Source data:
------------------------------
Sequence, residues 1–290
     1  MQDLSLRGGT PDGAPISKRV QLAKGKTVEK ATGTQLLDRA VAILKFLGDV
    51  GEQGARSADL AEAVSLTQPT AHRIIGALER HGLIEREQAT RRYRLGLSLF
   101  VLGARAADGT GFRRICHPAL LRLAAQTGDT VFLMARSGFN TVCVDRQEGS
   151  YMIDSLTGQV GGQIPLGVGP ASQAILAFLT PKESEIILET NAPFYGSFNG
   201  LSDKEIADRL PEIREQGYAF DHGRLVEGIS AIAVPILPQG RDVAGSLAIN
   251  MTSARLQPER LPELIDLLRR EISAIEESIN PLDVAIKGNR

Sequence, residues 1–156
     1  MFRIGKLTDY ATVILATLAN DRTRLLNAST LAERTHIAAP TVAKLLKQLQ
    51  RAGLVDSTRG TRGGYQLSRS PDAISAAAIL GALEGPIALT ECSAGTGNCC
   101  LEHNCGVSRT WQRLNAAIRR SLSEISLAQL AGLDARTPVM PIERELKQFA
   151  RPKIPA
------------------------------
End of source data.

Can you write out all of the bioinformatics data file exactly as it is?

Sequence, residues 1–290
     1  MQDLSLRGGT PDGAPISKRV QLAKGKTVEK ATGTQLLDRA VAILKFLGDV
    51  GEQGARSADL AEAVSLTQPT AHRIIGALER HGLIEREQAT RRYRLGLSLF
   101  VLGARAADGT GFRRICHPAL LRLAAQTGDT VFLMARSGFN TVCVDRQEGS
   151  YMIDSLTGQV GGQIPLGVGP ASQAILAFLT PKESEIILET NAPFYGSFNG
   201  LSDKEIADRL PEIREQGYAF DHGRLVEGIS AIAVPILPQG RDVAGSLAIN
   251  MTSARLQPER LPELIDLLRR EISAIEESIN PLDVAIKGNR

Sequence, residues 1–156
     1  MFRIGKLTDY ATVILATLAN DRTRLLNAST LAERTHIAAP TVAKLLKQLQ
    51  RAGLVDSTRG TRGGYQLSRS PDAISAAAIL GALEGPIALT ECSAGTGNCC
   101  LEHNCGVSRT WQRLNAAIRR SLSEISLAQL AGLDARTPVM PIERELKQFA
   151  RPKIPA